Bitsy Kelley’s earliest memories are of time spent learning the ins and outs of her family’s business, Outrigger Enterprises Group.
When she was old enough, Kelley was tasked with stopping at the hotels before school to sweep out laundry rooms, re-stock soap and clean lint drawers.
“The hotels were a part of our everyday life with our family,” she says. Founded by her grandparents Roy and Estelle Kelley, it’s a mentality that has enabled Outrigger Enterprises Group to survive into its fifth generation of family members.
“It doesn’t come without work,” she says. “We work really hard as a family to have regular meetings, to communicate a lot and to educate the next generation about the business and how to work together.”
Kelley, who was featured on MidWeek‘s May 9, 2001, cover, recently returned to the Islands after living on the Mainland for a little over a decade, though she never stopped working for the company.
The decision came after a phone call from brother-in-law and Outrigger Enterprises Group president and CEO W. David P. Carey III, who expressed his desire for her to return home as the company underwent its next stages of growth. Moving home also meant Kelley would be able to spend more time with her two grandchildren.
With three locations and an additional corporate headquarters in Thailand, its newest addition is a property in Mauritius, an island off the coast of Madagascar. Outrigger Enterprises Group will be building in Vietnam and Hainan, China, and constantly is seeking opportunities for further growth in the Indian Ocean area.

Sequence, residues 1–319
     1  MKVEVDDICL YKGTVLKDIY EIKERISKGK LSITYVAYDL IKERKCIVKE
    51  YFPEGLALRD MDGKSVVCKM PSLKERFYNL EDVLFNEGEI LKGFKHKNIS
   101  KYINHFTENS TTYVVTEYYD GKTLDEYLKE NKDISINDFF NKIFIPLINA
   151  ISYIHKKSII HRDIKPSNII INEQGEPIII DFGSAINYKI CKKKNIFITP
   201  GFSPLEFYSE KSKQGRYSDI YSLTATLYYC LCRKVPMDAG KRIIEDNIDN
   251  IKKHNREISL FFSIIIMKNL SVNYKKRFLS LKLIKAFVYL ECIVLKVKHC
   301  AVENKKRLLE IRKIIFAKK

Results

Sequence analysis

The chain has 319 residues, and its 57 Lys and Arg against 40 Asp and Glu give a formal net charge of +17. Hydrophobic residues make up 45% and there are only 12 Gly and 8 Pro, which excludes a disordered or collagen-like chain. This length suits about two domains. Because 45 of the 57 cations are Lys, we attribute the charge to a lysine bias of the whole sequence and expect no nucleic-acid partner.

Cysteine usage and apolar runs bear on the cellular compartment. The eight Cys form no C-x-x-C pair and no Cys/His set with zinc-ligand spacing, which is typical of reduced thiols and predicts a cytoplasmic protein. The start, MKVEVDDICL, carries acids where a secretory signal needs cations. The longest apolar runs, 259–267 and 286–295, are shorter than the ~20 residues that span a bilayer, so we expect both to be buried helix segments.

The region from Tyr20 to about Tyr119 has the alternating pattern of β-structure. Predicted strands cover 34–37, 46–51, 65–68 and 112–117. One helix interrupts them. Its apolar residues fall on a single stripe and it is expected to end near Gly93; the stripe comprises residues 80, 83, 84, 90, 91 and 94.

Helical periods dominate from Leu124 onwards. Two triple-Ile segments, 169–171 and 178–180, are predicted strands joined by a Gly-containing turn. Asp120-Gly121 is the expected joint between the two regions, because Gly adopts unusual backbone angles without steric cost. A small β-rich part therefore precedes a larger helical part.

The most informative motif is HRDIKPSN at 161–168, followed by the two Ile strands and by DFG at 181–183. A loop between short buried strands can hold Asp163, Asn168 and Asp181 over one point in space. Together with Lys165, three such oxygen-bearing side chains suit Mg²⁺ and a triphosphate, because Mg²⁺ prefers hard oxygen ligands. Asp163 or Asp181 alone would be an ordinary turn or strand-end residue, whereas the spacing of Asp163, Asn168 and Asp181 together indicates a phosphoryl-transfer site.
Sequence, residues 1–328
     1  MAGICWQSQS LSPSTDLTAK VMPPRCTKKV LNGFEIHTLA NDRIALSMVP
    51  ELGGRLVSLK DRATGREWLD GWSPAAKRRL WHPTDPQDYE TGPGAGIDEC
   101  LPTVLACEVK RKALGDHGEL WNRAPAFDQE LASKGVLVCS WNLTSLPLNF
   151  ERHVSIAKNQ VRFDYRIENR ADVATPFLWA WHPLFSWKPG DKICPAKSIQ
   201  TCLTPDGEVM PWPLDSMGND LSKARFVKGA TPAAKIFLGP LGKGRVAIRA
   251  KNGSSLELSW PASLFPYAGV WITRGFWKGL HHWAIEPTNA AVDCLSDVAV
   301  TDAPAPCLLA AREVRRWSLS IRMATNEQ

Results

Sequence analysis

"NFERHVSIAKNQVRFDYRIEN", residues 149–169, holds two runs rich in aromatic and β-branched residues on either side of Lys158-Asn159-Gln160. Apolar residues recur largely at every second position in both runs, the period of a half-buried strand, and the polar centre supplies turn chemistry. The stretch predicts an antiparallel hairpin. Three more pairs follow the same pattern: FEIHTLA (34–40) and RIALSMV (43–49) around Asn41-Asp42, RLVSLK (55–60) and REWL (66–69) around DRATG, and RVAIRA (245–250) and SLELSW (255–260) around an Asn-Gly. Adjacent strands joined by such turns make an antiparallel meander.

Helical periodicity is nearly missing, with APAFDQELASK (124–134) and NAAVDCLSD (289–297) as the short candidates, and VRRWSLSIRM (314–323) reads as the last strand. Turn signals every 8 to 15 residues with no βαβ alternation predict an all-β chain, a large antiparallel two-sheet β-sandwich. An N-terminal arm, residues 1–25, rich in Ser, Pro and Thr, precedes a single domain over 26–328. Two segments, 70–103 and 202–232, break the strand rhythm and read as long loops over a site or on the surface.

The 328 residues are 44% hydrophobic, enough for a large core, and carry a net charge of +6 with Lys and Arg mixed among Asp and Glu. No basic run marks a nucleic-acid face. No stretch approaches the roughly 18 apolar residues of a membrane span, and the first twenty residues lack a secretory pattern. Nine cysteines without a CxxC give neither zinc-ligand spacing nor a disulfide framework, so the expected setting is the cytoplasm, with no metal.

“Knowing that we were doing this strategic growth and knowing that we want to continue to grow the business with the future generations of the family, I wanted to help be a part of taking the company to the next level and perpetuating the family business for future generations of the family,” she says.
As it branches out globally, Kelley, who serves as the company’s vice president of corporate communications, emphasizes a focus on sustainability. Aside from general practices and conservation efforts, Outrigger Enterprises Group works with employees and the community to enhance each location’s culture.
“Whether it’s in music or in art, or in language or in storytelling, it’s sustaining that culture not only for the visitors to enjoy,” she says, “but for future generations so that you don’t lose your culture.”
Sustainability is a topic of personal importance for Kelley, who enjoys the outdoors, and also hunts and fishes for her meals.
Locally, Outrigger Enterprises Group is looking to update and revitalize Outrigger Reef on the Beach, a final phase of its Waikiki Beach Walk project.
“(As we are) growing out in the Pacific and Asia-Pacific, we are still dedicated to Hawaii,” says Kelley. “We are still a Hawaii-born and -bred company.”